Comments Trehalose is a disaccharide sugar, as is sucrose (table sugar), lactose (milk sugar), and maltose (produced from the malting of barley). It is a common ingredient of food products and is produced in large quantities by reacting starch with certain enzymes. Previous reports have shown that trehalose is able to stabilize the shape (conformation) of proteins that are responsible, at least in part, for the response of a cell to excessive heat (Bulman et al. 2005). Remarkably, trehalose has also been shown to be protective from cold as well (Inouye et al. 2004). The point of these divergent facts may be that trehalose is a general cellular protectant that acts like a buffer, bringing the cell back in line when its processes have begun to go awry. To quote the paper, "Trehalose has been shown to stabilize the structure and enzymatic activity of proteins against thermal denaturation in vitro." What this means is that the shape or structure of proteins does not unravel in the presence of trehalose. If cellular proteins unravel, they cannot perform their special functions, as you might imagine. Hence, this stabilization is crucial to the preservation of the organism. Consequently, the cell has other machinery that engages in protein quality control, i.e., the heat shock proteins and the chaperones. What the present study does is tie trehalose to the production arm of these entities through the dependence of a protein (Hsf1)

Importantly for HD, trehalose is known to prevent aggregation of unraveled (denatured) proteins. While the role of aggregation of the HD protein, huntingtin, is controversial, it seems clear that the HD mutation corresponds to a shape change that tends to cause huntingtin to aggregate. Hence, the HD mutation might be similar to a denatured state of the protein.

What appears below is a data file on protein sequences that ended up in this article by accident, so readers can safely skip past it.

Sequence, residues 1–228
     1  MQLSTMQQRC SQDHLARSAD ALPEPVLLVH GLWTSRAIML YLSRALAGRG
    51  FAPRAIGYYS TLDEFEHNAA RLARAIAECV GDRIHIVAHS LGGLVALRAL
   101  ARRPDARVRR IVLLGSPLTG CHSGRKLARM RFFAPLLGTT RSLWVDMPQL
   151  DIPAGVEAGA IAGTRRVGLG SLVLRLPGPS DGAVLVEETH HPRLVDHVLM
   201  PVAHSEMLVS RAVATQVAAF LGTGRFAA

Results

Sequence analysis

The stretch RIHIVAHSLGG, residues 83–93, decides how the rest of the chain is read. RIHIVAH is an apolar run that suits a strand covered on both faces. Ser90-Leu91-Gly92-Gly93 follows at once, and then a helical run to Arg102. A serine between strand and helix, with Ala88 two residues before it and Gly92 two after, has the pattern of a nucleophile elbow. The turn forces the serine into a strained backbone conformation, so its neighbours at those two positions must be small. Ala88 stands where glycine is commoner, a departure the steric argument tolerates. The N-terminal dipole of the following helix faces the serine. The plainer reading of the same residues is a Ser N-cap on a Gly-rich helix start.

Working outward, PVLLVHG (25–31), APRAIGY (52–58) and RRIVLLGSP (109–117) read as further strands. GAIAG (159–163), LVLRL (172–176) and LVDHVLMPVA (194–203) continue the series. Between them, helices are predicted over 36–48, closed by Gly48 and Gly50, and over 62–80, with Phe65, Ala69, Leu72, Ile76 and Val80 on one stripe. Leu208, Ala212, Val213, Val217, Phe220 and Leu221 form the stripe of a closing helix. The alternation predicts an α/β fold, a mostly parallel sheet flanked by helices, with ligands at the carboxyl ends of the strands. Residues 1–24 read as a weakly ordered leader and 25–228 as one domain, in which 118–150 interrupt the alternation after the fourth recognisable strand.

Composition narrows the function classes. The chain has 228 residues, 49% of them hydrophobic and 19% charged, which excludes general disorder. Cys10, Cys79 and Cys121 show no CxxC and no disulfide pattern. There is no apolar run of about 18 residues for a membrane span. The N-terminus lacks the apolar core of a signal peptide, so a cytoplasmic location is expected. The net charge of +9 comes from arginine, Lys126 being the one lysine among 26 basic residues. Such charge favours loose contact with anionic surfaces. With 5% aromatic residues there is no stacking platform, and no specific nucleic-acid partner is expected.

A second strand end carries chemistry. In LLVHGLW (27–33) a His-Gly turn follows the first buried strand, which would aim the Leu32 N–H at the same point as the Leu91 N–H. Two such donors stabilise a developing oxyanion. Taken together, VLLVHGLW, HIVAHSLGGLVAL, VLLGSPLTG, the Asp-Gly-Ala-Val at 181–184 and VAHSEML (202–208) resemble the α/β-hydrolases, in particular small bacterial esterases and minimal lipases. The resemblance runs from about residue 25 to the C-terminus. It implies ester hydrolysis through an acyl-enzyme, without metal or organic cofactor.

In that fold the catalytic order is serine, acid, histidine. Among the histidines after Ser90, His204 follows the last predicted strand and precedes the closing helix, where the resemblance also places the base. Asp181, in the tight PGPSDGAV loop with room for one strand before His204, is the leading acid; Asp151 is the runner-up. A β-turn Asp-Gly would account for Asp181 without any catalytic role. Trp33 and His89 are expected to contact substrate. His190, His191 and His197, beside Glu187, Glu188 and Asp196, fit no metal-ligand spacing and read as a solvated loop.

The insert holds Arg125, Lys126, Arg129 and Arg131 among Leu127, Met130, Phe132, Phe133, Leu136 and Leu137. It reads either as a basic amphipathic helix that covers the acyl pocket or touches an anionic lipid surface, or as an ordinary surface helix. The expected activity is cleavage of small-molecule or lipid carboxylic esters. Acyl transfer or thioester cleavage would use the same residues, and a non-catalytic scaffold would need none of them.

While the present study does not directly address HD, its conclusions may be important to us, since one of the prominent theories of HD pathology is that HD is caused by an abnormal shape of (the complete form of, or fragments of) the HD protein, huntingtin. And the particular form of cellular stress that is being addressed is that of proteins becoming abnormally shaped, which occurs, for example, in extremes of temperature. So, the thinking goes, if the cellular machinery that reshapes proteins into their functional form can be properly harnessed, it may reshape bad huntingtin into its correct form and prevent HD.

The Report

Conlin LK, Nelson HC. The natural osmolyte trehalose is a positive regulator of the heat-induced activity of yeast heat shock transcription factor. Mol Cell Biol. 2006 Dec 4. PubMed abstract

References

Tanaka M, Machida Y, Niu S, Ikeda T, Jana NR, Doi H, Kurosawa M, Nekooki M, Nukina N. Trehalose alleviates polyglutamine-mediated pathology in a mouse model of Huntington disease. Nat Med. 2004 Feb;10(2):148-54. PubMed abstract
Bulman AL, Nelson HC. Role of trehalose and heat in the structure of the C-terminal activation domain of the heat shock transcription factor. Proteins. 2005 Mar 1;58(4):826-35. PubMed abstract
Inouye M, Phadtare S. Cold shock response and adaptation at near-freezing temperature in microorganisms. Sci STKE. 2004 Jun 9;2004(237):pe26. PubMed abstract